What if all the money that was spent for nuclear technology would have gone to the developement of plants for solar, wind, tidal etc?

    The one big problem with these "alternative" sources of energy is that they are free and available to even the poorest of countries.

    I have the basic idea for a movie plot where we go to wind power and erect millions of wind turbines around the world and during a hurricane the turbines put the earth into flight and on a path to crashing with the sun.

    I support wind power and Texas may have more turbines than any other state....I just thought of how ironic it would be if THAT was how we finally destroyed this planet of ours.

  • Options
    Rockadelic said:
    Frank said:
    What if all the money that was spent for nuclear technology would have gone to the developement of plants for solar, wind, tidal etc?

    The one big problem with these "alternative" sources of energy is that they are free and available to even the poorest of countries.

    I have the basic idea for a movie plot where we go to wind power and erect millions of wind turbines around the world and during a hurricane the turbines put the earth into flight and on a path to crashing with the sun.

    I support wind power and Texas may have more turbines than any other state....I just thought of how ironic it would be if THAT was how we finally destroyed this planet of ours.

    I'm still hoping for giant ants like in "Them." Even though that wasn't scientifically feasible, either.


  • BrianBrian 7,618 Posts
    staxwax said:
    Brian said:


    God, you really are a dumbass, arent you?
    Keep up the soulstrut circle jerk, maybe all your whining will make your apparent lack of formal education seem less painful.
    I swear - reading these posts is like being forced to listen to a bunch of smarmy fourteen year olds discussing the state of the world.
    Good luck in your completely pathetic quest to make sense of it all, you utter nincumpoop.

    b/w

    thx 4 the lulz. love ya.
    Please, speak on it.

  • FrankFrank 2,403 Posts
    dwyhajlo said:
    Frank said:
    The one big problem with these "alternative" sources of energy is that they are free and available to even the poorest of countries.

    I disagree. Money is still required for research and development, purchasing materials, manufacturing (IIRC, it requires somewhere on the order of millions to billions of solar panels to match a single reactor), building the generating devices, upkeep, deploying the generated energy into the grid, etc.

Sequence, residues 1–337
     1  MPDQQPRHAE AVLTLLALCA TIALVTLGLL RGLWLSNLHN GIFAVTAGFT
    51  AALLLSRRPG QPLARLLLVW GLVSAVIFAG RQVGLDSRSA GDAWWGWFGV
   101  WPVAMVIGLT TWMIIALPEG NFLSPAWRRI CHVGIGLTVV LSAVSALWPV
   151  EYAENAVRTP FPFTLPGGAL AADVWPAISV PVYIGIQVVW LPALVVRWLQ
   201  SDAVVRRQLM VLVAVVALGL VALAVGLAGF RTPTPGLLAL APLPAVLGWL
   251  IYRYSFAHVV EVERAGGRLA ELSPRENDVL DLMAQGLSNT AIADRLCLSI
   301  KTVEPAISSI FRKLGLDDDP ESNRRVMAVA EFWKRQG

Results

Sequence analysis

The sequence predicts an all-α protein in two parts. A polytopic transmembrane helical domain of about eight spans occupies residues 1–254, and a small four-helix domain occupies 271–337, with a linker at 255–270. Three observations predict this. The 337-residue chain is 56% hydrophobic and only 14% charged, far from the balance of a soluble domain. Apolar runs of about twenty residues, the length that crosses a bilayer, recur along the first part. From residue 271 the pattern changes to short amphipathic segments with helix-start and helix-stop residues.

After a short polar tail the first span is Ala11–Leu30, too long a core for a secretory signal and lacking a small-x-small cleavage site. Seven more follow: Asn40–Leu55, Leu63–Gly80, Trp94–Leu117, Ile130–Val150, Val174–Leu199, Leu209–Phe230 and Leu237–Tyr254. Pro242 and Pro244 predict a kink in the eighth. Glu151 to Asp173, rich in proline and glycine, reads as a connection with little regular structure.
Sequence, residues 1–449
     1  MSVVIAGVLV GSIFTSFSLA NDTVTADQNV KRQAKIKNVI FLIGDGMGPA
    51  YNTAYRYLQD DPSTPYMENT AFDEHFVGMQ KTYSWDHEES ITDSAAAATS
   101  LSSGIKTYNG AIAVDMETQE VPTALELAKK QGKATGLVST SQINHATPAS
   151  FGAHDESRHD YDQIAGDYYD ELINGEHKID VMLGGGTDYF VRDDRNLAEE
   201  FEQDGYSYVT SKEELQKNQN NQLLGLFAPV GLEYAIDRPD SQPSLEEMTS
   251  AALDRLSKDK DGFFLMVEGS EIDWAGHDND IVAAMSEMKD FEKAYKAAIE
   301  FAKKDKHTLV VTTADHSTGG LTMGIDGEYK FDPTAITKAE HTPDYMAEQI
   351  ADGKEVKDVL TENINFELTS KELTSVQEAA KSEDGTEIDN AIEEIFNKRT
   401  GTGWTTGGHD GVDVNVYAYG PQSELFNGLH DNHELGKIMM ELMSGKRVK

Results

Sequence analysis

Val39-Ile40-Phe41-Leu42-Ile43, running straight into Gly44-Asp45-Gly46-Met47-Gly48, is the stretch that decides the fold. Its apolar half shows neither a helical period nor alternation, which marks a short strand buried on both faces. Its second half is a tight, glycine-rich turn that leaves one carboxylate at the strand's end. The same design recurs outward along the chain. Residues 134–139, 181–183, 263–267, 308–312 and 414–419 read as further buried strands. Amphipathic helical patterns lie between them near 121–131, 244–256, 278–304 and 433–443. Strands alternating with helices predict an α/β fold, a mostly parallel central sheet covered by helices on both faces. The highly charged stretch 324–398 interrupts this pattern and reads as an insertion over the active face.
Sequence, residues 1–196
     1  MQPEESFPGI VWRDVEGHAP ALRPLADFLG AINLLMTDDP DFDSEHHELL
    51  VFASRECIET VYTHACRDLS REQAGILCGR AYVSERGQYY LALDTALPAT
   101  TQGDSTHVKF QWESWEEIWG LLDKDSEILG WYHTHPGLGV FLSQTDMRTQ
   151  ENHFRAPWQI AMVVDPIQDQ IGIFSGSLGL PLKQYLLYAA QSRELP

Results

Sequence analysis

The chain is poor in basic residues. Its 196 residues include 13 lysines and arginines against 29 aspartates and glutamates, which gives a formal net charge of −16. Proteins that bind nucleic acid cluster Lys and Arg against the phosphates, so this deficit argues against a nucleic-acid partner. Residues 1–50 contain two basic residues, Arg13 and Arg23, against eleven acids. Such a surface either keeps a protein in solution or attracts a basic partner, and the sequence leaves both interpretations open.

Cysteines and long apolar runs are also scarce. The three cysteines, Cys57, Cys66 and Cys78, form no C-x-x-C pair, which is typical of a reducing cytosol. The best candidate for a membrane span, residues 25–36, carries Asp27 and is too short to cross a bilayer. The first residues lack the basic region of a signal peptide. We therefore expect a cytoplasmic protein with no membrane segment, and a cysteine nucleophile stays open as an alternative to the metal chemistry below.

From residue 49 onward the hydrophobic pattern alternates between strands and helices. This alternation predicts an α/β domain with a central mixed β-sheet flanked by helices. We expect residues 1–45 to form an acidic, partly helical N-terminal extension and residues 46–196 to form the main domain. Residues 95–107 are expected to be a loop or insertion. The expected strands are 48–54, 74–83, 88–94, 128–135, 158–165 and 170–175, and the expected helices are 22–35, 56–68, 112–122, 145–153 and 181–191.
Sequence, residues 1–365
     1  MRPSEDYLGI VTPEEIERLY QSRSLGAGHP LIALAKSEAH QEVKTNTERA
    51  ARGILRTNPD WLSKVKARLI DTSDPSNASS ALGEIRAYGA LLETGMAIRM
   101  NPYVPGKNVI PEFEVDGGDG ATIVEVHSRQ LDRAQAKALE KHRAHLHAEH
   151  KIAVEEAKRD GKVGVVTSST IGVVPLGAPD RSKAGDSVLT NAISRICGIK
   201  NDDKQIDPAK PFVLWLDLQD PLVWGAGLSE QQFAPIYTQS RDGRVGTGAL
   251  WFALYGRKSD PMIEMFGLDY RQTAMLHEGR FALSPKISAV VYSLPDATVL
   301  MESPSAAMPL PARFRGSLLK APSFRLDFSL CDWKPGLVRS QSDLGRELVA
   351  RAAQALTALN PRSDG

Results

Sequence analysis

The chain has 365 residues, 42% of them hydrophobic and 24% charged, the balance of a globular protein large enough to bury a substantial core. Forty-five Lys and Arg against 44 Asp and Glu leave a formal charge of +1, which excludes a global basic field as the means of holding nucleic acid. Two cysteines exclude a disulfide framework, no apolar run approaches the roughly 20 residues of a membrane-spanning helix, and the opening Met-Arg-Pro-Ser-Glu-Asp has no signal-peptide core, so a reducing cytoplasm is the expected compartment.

They're not free sources of energy by any stretch of the imagination. Not to harp on solar power, but, IIRC, it costs ~4x as much as coal-generated energy per megawatt hour.

    Note: I am not a fan of coal (which on average generates more radioactivity than nuclear reactors) or nuclear power. I'd consider myself a proponent of developing alternative energy ways of generating energy, but only if they actually work.


    Sure you have to develope the techology first and then you have to finance the set up but the energy be it wind, solar, tidal or geothermal etc is free. You'll have more or less significant costs for mainenance but you won't get a bill for hours of sunshine or kilowatts in wind delivered to your turbine or cubicfeet of water moved by the tides.

    So what if electricity costs 4x more? Just use less of it then.
    Maybe then stores would stop blasting their ACs onto sidewalks to lure customers in and other crazy shit that's all too common in our so called advanced societies.

  • staxwaxstaxwax 1,473 Posts
    The best approach would probably be to get your info from a guy who thinks Algeria isnt a part of Africa, can't spell to save his life, thinks spreading his personal business all over the internet is a smart move, and dismisses MIT publications as 'smart people re-editing nonsense'. If that wasn't enough, there's the inscrutable nuclear ramblings of Laserwolf, and Brians random idiotic link posting for further clarification (forming actual sentences is a little above his station).

  • FrankFrank 2,403 Posts
    staxwax said:
    The best approach would probably be to get your info from a guy who thinks Algeria isnt a part of Africa, can't spell to save his life, thinks spreading his personal business all over the internet is a smart move, and dismisses MIT publications as 'smart people re-editing nonsense'. If that wasn't enough, there's the inscrutable nuclear ramblings of Laserwolf, and Brians random idiotic link posting for further clarification (forming actual sentences is a little above his station).

    how many languages are you fluent in you dumb fuck?